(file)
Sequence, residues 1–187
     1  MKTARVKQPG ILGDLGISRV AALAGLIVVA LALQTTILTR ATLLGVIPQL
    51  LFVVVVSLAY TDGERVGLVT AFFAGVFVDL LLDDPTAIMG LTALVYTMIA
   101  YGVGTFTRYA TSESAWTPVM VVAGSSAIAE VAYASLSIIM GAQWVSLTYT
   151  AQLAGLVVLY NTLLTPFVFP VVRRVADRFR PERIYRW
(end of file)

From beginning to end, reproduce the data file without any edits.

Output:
Sequence, residues 1–187
     1  MKTARVKQPG ILGDLGISRV AALAGLIVVA LALQTTILTR ATLLGVIPQL
    51  LFVVVVSLAY TDGERVGLVT AFFAGVFVDL LLDDPTAIMG LTALVYTMIA
   101  YGVGTFTRYA TSESAWTPVM VVAGSSAIAE VAYASLSIIM GAQWVSLTYT
   151  AQLAGLVVLY NTLLTPFVFP VVRRVADRFR PERIYRW